June 25, 2008 - by

Warrick Dunn Joins World Sports Humanitarian Hall of Fame

June 25, 2008




BOISE, Idaho, June 24, 2008 – NFL running back Warrick Dunn, former NBA big man Vlade Divac and Olympic skier Jimmie Heuga entered the World Sports Humanitarian Hall of Fame on Tuesday at its 14th annual induction ceremonies before 1,150 at the Morrison Center for the Performing Arts in Boise, Idaho.

The Boise Hall annually inducts individuals who are world-class in athletic ability, role models in their community and have a strong record of humanitarian achievements.

The Class of 2008 includes Dunn, 33, a former Florida State Seminole who is entering his 12th NFL season, rejoining the Tampa Bay Buccaneers. Dunn was honored for his work in assisting single-parents and their children realize the dream of home ownership through the Warrick Dunn Foundation (www.WarrickDunnFoundation.org).

“I’m truly honored to be inducted into the World Sports Humanitarian Hall of Fame. I try to follow my works from my mom’s heart and dreams,” said Dunn who started his Homes for the Holidays program in 1997, his rookie season in Tampa, as a way to honor his late mother’s dream of home ownership. The program has helped 78 single-parents and 205 children and dependents in Tampa and Tallahassee, Florida; Baton Rouge, Louisiana and Atlanta, Georgia by providing initial down payment funding and furnishings.

Divac, 40, who won two Olympic medals for his native Yugoslavia and amassed over 13,000 points in 15 years with Los Angeles, Charlotte and Sacramento of the NBA, was heralded for his efforts to assist refugees from war-ravaged Yugoslavia through his Humanitarian Organization Divac (www.Divac.com).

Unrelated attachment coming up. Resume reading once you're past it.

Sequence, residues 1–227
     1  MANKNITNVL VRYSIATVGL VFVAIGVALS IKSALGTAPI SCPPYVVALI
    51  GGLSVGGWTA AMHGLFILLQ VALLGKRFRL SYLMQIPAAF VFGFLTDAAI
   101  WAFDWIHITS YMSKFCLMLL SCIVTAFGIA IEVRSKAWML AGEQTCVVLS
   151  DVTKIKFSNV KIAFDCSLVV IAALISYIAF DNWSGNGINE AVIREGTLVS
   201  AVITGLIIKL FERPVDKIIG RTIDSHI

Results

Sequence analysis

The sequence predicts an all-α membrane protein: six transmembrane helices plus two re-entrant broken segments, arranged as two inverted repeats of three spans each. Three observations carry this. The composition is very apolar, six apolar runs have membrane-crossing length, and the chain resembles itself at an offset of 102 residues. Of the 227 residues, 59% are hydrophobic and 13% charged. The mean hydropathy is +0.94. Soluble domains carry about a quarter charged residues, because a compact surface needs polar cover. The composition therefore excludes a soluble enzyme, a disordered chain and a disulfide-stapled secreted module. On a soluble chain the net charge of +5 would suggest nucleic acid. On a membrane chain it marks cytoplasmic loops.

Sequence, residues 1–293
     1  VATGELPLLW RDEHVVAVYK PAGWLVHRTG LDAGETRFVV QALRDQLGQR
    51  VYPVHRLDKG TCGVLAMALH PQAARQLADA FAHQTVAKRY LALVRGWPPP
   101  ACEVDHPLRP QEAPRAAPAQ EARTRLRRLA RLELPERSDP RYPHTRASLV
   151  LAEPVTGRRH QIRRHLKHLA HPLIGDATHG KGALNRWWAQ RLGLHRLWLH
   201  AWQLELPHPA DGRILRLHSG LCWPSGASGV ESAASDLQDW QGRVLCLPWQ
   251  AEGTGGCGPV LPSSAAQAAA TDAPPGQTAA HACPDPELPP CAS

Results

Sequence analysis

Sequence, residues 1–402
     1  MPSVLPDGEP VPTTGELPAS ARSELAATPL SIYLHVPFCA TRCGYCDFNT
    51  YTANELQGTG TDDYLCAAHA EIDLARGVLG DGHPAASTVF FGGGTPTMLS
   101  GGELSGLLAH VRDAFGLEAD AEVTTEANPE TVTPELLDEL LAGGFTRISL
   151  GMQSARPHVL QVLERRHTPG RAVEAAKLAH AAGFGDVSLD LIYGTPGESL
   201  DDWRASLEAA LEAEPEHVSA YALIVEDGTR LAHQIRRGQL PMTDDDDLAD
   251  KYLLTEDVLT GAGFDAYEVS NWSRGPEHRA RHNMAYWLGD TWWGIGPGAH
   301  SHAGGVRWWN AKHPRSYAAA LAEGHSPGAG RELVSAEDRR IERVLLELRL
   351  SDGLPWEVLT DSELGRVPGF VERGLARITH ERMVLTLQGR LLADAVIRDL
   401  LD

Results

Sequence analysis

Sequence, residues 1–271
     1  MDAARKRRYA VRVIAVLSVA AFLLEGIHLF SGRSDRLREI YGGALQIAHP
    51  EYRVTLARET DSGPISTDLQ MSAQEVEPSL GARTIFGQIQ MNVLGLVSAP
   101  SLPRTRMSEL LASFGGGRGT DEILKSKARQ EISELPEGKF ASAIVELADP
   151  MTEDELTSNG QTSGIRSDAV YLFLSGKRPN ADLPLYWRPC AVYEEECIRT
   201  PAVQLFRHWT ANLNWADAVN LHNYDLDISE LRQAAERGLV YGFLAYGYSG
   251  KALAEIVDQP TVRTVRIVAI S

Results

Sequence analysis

“My country went through tough times, which is why I get involved,” said Divac. “It’s great to be recognized for work done over the last 10 to 15 years and to be an example for those coming behind us.” Divac’s charitable work has provided more than $9 million in humanitarian assistance and educational programs to children in Serbia, Montenegro, Bosnia-Herzegovina, the United States, Indonesia, Ethiopia and China. HOD is now focused on improving the circumstances of nearly 7,000 refugees displaced over 15 years ago from war-ravaged Yugoslavia, helping them to realize their right to housing, work, material security and self confidence.

And Heuga, 64, who at the 1964 Innsbruck Olympics brought home the bronze in slalom skiing, becoming one of the first two U.S. skiers to stand on the Olympic podium in the alpine events. Diagnosed with multiple sclerosis (MS) at the height of his racing career, Heuga channeled his adversity into motivation, revolutionizing the way people live with the disease through the work of his Colorado-based Heuga Center for Multiple Sclerosis (www.Heuga.org). In 2007, The Heuga Center, which is recognized for fiscal responsibility, directly touched more than 6,000 people through education, events and programming in 15 states and 3 Canadian provinces, and globally through the World Wide Web.

“To join the Hall is a great honor for me because it shows my growth as an entire person, not just as an athlete,” said Heuga who was presented for induction by Olympian Billy Kidd, the silver medalist at the Innsbruck Games. “I have always tried to deal with this illness (MS) straight on and be an example to others.”